Intermediate kinematics produce inferior feeding performance in a classic case of natural hybridization

Matthew D. McGee, Joseph W. Reustle, Christopher E. Oufiero, Peter C. Wainwright

Research output: Contribution to journalArticleResearchpeer-review

10 Citations (Scopus)


Selection on naturally occurring hybrid individuals is a key component of speciation theory, but few studies examine the functional basis of hybrid performance. We examine the functional consequences of hybridization in nature, using the freshwater sunfishes (Centrarchidae), where natural hybrids have been studied for more than a century and a half. We examined bluegill (Lepomis macrochirus), green sunfish (Lepomis cyanellus), and their naturally occurring hybrid, using prey-capture kinematics and morphology to parameterize suction-feeding simulations on divergent parental resources. Hybrid individuals exhibited kinematics intermediate between those of the two parental species. However, performance assays indicated that hybrids display performance most similar to the worse-performing species for a given parental resource. Our results show that intermediate hybrid phenotypes can be impaired by a lessthan-intermediate performance and hence suffer a larger loss in fitness than could be inferred from morphology alone.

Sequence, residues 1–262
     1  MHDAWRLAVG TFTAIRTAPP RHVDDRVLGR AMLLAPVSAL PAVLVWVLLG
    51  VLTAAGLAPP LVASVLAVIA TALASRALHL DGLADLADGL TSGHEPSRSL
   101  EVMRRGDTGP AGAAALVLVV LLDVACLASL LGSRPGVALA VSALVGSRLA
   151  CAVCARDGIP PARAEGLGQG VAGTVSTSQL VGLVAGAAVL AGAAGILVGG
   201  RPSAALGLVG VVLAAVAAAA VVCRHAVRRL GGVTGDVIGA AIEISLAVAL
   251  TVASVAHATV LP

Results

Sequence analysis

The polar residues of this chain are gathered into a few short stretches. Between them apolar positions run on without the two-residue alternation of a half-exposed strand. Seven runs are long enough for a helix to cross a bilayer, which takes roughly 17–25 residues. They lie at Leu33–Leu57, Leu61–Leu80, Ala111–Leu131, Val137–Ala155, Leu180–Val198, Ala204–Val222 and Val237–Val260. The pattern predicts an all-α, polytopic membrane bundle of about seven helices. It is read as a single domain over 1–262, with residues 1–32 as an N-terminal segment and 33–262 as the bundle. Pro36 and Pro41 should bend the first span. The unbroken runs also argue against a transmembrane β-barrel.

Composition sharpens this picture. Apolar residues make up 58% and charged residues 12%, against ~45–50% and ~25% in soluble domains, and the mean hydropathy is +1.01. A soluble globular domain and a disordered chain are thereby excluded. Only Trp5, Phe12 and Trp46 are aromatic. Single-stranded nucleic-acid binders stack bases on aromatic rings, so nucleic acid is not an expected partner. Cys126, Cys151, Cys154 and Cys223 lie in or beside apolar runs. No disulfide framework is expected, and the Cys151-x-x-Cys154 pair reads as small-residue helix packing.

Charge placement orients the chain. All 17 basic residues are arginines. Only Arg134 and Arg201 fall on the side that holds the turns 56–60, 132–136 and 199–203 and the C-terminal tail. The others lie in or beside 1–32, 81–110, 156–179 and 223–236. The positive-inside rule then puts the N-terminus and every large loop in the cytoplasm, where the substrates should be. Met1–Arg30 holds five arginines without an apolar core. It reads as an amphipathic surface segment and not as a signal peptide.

Original languageEnglish
Pages (from-to)807-814
Number of pages8
JournalAmerican Naturalist
Issue number6
Publication statusPublished - 29 Sep 2015
Externally publishedYes


  • Ecological speciation
  • Extrinsic postzygotic isolation
  • Functional morphology
  • Suction feeding

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